Tuesday, November 17, 2015

Part 3: Murky Waters, "Capping" Open-Water Sediment Dumps

Corps’ Latest Attempt to Legitimize Open-Lake Dumping of Dredged Sediments

-- third in a series of three --

Rivers and Harbors Act - The authority of the U.S. Army Corps of Engineers (USACE or Corps) to dredge navigation channels in the Great Lakes and elsewhere begins with periodic acts of Congress referred to as the Rivers and Harbors Act of a particular year.  

The Corps is compelled by statute to use the least expensive means in disposing of dredged sediment.  Usually, there are two options for disposal: on-land (or “confined”) and open-water (in our region, a lake).  The least expensive is always open-water, but the catch is that dredged material dumped in a lake isn’t supposed to be contaminated with pollutants.

The eight Great Lakes states (along with two Canadian provinces) have major economic interests in keeping whichever lake or lakes they border clean and healthy.  They have a legitimate concern that any dredgings the Corps wishes to dump off their shores really is uncontaminated.

Cleveland and Toledo - The issue of contamination has been central in ongoing disputes between USACE and the state of Ohio.  In Cleveland, a principal concern has been polychlorinated biphenyls (PCBs).  In Toledo, nutrients from chemical fertilizers and livestock manure in agricultural runoff upstream contaminate dredged river sediments deposited in Lake Erie, fueling toxic algal blooms.

See Open Lake Disposal, a position paper of the Ohio Environmental Council.

Bipartisan Bill to Fund Repairs at Toledo Harbor
                                                       Toledo Harbor                             EPA photo

The Ashtabula Experiment - Earlier this month (November 2, 2015) discussing the Corps’ dredging of Ashtabula (Ohio) Harbor and open-lake disposal, Andrew Kornacki acknowledges on the Defense Video and Imagery Distribution System that “...portions of dredged sediments contain contamination that can have a negative impact on the aquatic environment if not managed properly.”  

In other words, the Corps knows that the dredged material they’re dumping in Lake Erie is contaminated, contrary to the Clean Water Act.  But don’t worry, they’ve come up with a gimmick that might counteract the negative effects.

UPDATE November 21, 2015:  Another article by Andrew Kornacki posted November 20, 2015 states in part,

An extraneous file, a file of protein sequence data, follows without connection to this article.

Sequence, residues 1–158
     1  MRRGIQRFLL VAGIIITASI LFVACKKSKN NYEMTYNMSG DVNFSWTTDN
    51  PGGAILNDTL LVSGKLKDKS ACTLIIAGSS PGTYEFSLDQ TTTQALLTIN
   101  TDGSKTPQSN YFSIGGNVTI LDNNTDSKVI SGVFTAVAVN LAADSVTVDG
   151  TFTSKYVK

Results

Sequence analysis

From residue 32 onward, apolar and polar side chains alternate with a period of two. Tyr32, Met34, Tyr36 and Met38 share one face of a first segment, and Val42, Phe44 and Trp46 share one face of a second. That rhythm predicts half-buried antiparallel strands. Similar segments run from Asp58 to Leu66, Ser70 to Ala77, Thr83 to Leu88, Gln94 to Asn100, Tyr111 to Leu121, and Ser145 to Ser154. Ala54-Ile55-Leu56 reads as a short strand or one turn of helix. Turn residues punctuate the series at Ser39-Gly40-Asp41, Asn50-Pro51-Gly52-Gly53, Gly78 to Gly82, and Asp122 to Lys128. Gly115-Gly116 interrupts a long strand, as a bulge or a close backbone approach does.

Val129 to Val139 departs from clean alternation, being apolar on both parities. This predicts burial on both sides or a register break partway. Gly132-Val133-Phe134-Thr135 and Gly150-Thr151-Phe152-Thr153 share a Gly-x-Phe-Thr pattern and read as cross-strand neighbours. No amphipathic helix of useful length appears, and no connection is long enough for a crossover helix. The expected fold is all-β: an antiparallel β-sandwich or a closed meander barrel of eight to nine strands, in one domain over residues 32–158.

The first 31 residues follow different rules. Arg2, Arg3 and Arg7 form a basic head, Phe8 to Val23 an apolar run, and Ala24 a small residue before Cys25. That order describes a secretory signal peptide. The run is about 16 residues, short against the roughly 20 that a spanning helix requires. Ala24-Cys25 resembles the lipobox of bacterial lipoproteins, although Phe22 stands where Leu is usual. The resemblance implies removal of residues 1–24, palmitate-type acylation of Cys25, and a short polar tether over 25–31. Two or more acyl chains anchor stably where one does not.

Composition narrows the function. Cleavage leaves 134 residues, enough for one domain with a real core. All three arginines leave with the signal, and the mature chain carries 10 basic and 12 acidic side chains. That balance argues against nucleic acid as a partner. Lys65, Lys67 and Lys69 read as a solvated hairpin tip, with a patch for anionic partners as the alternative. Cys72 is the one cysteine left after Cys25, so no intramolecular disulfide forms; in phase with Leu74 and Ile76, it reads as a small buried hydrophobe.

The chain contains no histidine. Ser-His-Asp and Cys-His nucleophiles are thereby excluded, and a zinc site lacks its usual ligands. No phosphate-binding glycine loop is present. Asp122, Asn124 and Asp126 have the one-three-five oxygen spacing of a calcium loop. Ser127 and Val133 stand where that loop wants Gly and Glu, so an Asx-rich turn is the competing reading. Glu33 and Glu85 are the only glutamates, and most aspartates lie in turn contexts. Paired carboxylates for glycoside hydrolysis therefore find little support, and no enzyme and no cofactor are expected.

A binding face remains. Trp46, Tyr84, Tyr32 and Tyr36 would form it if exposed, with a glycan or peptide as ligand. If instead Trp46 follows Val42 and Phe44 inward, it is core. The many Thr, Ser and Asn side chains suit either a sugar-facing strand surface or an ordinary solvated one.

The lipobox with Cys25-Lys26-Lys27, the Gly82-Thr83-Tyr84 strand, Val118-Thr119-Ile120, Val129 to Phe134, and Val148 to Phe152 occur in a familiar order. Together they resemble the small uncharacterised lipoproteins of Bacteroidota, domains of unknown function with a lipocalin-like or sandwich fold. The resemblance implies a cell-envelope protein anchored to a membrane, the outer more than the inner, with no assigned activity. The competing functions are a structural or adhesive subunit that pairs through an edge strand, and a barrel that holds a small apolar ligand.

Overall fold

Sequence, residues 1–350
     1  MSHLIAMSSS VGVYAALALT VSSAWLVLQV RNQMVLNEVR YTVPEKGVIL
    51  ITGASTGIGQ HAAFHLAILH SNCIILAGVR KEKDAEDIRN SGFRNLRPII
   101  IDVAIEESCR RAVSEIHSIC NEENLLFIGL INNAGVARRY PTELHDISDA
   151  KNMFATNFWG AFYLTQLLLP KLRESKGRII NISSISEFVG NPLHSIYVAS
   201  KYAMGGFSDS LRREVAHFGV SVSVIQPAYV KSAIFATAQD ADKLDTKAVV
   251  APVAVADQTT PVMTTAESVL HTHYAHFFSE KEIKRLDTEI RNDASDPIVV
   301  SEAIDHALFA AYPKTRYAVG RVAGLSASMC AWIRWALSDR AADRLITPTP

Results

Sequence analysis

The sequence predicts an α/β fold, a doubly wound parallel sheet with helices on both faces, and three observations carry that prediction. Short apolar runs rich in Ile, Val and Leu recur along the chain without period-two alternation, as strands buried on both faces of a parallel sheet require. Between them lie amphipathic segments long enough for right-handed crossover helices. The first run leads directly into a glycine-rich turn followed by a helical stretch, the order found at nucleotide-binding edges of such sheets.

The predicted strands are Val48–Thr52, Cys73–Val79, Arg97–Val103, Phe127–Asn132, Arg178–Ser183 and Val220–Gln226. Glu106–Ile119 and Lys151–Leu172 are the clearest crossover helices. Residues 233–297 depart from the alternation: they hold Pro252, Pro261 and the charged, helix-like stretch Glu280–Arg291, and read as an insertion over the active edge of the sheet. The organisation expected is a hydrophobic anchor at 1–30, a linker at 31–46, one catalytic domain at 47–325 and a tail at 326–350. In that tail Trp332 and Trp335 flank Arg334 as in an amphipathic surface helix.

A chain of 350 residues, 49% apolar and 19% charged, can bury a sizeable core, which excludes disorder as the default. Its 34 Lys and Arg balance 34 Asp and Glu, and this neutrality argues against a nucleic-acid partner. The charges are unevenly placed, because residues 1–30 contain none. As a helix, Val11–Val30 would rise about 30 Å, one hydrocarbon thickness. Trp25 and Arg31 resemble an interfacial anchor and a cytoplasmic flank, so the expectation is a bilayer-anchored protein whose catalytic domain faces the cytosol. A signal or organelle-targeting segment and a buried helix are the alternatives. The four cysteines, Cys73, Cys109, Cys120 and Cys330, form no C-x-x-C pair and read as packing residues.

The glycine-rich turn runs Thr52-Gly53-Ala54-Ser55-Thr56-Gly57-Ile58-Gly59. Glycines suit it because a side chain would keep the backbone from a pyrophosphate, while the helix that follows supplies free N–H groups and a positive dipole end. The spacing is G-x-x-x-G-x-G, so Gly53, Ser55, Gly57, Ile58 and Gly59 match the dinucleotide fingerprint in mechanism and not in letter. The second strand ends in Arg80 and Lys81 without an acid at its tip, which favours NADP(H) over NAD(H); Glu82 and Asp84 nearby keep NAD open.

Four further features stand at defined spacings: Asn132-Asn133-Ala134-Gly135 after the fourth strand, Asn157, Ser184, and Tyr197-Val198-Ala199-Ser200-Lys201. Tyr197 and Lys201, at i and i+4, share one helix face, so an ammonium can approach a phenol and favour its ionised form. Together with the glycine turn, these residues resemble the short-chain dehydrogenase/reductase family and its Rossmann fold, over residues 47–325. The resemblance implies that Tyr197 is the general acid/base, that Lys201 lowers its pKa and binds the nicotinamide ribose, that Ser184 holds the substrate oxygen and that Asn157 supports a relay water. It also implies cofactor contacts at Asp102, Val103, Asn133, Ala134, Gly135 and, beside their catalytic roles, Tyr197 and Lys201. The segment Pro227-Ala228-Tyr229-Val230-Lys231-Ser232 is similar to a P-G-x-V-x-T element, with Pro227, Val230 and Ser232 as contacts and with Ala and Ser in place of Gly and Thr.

BUFFALO, N.Y. - The U.S. Army Corps of Engineers (USACE), Buffalo District has released documents that have been submitted to the Ohio Environmental Protection Agency, requesting a Clean Water Act Section 401 water quality certification for open lake placement of dredged sediment from the upper Cuyahoga River federal navigation channel associated with its scheduled 2016 dredging of Cleveland Harbor.

All documents can be found on the Buffalo District’s Web page: http://bit.ly/cleveland-harbor


 Kornacki’s November 2d report says:

Using conventional dredging equipment, the USACE Buffalo District along with the U.S. Army Engineer Research and Development Center (ERDC) have started the first of its kind large scale demonstration of treating dredged sediment, from Ashtabula Harbor, Ohio, with activated carbon to determine if bioaccumulation can be reduced in the bioactive zone of the 50-foot-deep open-lake placement site.

They say the activated carbon is mixed with the dredged sediment on the scow, using a clam-shell bucket.  (Not exactly a Cuisinart blender.)

The project manager is quoted in the report as saying the contamination in the dredged sediment is minimal.  Apparently, we’re supposed to believe that, on the one hand, there’s almost no contamination, but on the other hand, the contamination is so robust that it will justify scientific conclusions about remediation.

Kornacki again:

In a process right from the text book of a high school chemistry class, when the contamination in the sediment comes in contact with the activated carbon the two bond together. The contaminants are so strongly bonded to the activated carbon they cannot be bioaccumulated by aquatic organisms that come into contact with the sediment.

The most biologically active zone in lake sediment is at the surface of the lake bottom. Knowing this, a part of the study is to examine how treated sediment can be used to cap previously placed or existing sediments on the bottom of the lake by placing a 2-5 cm layer of treated sediment to provide a protective bioactive zone.

Wait a minute!  You buried the most biologically active zone, the lake bottom, under thousands of cubic yards of dredgings!  And now you’re going to place (dumping from a scow 50 feet above) a 2-5 cm (one or two inch) carbon-dosed layer of sediment as protection?  Protection of what?  For how long?  Are there no currents in this huge body of water?  Is anybody buying this?

Before USACE is permitted to apply this preposterous idea routinely, its findings and conclusions from the Ashtabula experiment should be subjected to close, scientific scrutiny and replicated by qualified, independent authorities.  The last thing we want in my neck of the woods is open-water disposal in Lake St. Clair.
UPDATE:  Cleveland Plain Dealer by Evan MacDonald, December 19, 2015:                           

"Ohio Attorney General seeks public hearing on Army Corps' proposal to dump dredged material in Lake Erie"

"The attorney general's office has requested a public hearing over the Army Corps' proposal, arguing that the Army Corps 'stands alone in its position that disposing of contaminated sediment in Lake Erie is environmentally acceptable.' "
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